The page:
Life of a 14th Century Irish Historian
September 24, 2016 6:51 AM   Subscribe

I'm hoping some History fans can help with resources on what life would have been like for a person who was an Irish historian during the 1300s.

I am creating a design story and I need to be able to describe with as much detail what kind of person would have been deemed a historian at that time. Would they have likely lived in a monastery? If they were able to read and write in Latin and Gaelic was that rare for the time? Any resources on what I can read to get an idea of their material life- what kinds of food and drink would they have? What would they be surrounded by? What would have looked like visually? What kind of person would they have been within their community (high status?) Does anyone know of good resources for what the artworks (metal, book illustration, etc.) have looked like at the time? Obviously I'm doing as much research as I can on my own but I figured there might be some one here who is an expert in this subject! Thanks
posted by catrae to Society & Culture (6 answers total) 2 users marked this as a favorite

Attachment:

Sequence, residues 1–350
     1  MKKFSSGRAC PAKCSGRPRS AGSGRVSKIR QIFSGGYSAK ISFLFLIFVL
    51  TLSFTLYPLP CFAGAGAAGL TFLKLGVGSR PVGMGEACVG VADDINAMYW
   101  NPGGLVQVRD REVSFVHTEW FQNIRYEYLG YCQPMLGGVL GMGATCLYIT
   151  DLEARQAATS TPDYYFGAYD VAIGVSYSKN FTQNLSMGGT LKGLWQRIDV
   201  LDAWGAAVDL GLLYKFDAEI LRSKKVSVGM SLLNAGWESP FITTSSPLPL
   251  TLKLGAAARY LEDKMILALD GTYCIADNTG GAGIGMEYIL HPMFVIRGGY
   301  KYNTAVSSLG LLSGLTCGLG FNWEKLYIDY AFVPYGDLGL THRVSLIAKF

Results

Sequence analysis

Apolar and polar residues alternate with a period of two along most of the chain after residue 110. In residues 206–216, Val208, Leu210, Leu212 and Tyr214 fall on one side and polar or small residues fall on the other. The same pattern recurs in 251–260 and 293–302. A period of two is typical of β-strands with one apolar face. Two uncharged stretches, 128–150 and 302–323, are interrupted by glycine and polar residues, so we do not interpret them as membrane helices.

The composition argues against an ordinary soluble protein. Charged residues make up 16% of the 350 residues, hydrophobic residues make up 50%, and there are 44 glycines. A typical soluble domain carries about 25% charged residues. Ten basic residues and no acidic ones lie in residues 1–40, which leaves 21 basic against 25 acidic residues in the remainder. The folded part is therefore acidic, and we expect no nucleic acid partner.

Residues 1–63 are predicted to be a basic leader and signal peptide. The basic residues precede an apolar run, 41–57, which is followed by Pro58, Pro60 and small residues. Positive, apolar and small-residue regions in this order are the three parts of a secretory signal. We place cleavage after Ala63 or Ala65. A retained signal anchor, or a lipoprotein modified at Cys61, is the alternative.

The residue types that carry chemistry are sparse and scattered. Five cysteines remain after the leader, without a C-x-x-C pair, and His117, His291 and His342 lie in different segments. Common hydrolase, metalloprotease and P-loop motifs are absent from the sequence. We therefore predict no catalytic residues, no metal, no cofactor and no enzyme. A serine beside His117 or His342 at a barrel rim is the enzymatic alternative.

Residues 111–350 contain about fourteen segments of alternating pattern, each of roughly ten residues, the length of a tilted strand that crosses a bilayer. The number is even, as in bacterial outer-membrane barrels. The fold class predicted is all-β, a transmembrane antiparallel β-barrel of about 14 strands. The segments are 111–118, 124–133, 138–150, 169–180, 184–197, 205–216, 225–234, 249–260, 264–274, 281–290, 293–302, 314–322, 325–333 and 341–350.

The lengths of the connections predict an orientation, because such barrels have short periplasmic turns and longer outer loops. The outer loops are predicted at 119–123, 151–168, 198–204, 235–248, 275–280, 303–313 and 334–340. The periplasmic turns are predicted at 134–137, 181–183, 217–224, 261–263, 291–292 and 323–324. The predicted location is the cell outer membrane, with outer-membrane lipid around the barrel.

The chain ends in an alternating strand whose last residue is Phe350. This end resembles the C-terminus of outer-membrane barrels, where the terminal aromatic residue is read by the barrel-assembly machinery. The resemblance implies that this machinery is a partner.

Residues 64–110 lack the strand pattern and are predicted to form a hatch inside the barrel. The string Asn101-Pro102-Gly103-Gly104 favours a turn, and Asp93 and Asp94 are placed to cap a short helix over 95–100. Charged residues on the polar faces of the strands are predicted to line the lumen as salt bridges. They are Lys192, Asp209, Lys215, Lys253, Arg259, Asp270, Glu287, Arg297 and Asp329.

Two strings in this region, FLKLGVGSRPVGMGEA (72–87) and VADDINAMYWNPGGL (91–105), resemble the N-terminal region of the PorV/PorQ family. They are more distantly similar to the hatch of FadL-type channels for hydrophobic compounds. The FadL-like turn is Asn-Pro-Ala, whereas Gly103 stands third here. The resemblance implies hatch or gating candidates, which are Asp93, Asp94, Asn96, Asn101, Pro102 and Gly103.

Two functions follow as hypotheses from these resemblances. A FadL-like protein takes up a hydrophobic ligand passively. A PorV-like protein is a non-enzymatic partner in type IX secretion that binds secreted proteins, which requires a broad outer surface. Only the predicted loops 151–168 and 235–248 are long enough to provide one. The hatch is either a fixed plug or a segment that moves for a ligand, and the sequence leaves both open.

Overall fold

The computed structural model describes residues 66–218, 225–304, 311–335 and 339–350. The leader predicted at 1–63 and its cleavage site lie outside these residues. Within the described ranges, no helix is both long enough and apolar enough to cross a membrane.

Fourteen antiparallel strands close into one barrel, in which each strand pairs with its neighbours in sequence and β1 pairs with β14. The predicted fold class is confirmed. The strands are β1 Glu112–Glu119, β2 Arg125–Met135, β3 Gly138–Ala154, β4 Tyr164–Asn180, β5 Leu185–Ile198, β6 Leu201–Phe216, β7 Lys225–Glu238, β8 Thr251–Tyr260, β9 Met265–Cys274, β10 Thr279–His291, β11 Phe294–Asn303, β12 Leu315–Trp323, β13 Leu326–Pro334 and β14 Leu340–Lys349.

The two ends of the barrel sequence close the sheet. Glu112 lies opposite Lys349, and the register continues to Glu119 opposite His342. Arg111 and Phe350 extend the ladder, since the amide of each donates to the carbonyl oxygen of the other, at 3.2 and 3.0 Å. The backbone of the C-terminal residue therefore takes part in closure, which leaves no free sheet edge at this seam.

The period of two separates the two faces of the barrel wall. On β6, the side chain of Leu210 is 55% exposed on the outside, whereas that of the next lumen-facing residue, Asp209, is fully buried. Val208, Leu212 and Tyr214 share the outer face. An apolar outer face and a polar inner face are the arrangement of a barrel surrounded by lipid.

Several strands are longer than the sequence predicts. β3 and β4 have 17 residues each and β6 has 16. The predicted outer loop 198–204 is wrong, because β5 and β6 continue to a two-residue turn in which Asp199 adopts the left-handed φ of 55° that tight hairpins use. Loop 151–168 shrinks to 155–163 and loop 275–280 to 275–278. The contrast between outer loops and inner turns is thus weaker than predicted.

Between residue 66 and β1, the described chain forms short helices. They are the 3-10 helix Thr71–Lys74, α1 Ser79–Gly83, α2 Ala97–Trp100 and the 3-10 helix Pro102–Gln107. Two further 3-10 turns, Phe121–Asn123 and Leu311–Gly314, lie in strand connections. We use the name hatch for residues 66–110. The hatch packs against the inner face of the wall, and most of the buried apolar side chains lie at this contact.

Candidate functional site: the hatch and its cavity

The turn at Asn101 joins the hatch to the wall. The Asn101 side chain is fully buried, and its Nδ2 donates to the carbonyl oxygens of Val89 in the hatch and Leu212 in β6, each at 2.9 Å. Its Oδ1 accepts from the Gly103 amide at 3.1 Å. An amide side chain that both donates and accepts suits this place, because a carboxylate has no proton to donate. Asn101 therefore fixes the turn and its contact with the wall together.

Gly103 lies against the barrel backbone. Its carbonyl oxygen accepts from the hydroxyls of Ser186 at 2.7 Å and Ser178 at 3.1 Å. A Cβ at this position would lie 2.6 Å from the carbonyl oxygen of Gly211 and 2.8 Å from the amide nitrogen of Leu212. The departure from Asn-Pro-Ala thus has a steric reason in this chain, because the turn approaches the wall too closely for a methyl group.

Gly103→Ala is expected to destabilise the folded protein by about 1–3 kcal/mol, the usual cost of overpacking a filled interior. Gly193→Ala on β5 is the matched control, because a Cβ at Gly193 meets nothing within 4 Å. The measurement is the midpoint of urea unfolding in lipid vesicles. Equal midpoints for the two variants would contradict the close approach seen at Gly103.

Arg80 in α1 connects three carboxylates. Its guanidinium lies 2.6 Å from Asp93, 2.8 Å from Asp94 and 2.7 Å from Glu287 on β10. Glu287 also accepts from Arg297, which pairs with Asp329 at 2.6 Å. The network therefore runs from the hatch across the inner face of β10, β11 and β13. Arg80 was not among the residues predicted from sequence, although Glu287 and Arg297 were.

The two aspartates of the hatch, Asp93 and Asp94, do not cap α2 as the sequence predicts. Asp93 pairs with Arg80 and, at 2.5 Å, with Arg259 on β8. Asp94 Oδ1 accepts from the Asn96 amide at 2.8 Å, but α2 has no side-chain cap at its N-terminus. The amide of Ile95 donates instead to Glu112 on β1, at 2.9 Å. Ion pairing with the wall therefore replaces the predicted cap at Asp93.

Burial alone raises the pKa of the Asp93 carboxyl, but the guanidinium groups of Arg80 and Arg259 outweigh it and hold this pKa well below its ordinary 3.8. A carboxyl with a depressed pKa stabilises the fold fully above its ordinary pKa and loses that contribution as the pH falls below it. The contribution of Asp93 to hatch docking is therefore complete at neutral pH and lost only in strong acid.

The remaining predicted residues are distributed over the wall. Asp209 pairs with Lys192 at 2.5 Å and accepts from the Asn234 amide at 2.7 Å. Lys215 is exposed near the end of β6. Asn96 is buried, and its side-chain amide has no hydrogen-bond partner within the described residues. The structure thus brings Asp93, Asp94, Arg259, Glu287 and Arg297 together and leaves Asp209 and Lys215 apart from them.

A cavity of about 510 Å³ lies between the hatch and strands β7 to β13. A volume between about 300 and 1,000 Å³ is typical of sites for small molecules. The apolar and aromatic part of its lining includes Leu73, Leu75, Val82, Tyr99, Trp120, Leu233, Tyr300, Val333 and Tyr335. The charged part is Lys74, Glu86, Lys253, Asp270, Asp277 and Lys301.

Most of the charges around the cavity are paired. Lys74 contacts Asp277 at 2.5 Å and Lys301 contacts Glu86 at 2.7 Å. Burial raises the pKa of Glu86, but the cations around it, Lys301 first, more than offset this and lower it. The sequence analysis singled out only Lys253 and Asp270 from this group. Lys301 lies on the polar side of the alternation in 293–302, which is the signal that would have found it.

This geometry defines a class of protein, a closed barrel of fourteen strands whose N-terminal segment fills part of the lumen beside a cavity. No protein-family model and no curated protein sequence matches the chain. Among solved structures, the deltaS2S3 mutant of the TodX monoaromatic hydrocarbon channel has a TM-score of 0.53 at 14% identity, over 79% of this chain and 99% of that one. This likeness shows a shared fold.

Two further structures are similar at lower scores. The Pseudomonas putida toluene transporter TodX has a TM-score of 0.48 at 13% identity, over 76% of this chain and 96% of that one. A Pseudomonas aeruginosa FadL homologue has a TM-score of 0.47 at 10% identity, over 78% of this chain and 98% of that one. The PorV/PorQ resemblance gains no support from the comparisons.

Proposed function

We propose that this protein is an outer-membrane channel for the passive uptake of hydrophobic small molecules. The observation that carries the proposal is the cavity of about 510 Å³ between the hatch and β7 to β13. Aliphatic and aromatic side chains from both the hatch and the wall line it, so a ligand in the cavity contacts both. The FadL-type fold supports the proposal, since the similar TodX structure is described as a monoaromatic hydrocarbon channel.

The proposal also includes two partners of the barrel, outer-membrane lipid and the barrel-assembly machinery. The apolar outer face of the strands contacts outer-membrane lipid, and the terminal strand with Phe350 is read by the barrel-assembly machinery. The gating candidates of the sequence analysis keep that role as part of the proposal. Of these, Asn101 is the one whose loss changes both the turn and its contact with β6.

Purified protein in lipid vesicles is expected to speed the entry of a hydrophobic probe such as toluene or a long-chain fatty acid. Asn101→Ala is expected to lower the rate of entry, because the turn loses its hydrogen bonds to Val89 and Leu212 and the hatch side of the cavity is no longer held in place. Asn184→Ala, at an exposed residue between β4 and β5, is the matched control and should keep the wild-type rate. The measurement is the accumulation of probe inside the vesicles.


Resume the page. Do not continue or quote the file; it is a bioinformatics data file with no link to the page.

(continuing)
If you don't get a satisfactory answer here, this sounds like an excellent question for the amazing professionals at /r/AskHistorians (yes, it's reddit, but it's a fascinating, very heavily moderated section of reddit, full of actual experts).
posted by erst at 8:36 AM on September 24, 2016 [1 favorite]


What exactly do you mean by "historian"?

If you mean someone who would have considered themselves an academic, reading historical texts and possibly writing their own, you are almost certainly thinking about someone who would have been a monk. Or possibly attached to the royal court? But more likely a monk. I'm also not sure that the job of Historian existed as such, as opposed to just general literate person who maintains annals and such among many other tasks requiring a similar skill set. There may have been one or two individuals maintaining "Cabinets of Curiosities" on behalf of a ruler, but even that is probably too far in the future for your period.

Literacy of any kind was rare at that time, yes. Latin would have been de rigeur for any cleric and probably almost all scribes or clerks attached to a court (since Latin was the lingua franca between different courts at this time). I'm actually not sure how prevalent written Irish Gaelic was in your time period. If either of these languages are rare for the time, it's definitely the Gaelic, not the Latin. It might even have been seen as a lowly thing to do, or a strange quirk. Keep in mind your period is contemporary with Chaucer, in terms of vernacular writing.

For food, drink, material culture, and status, this is going to depend whether your "historian" is a junior monk in a remote monastery, an esteemed scholar, or a scribe or clerk attached to an important royal court.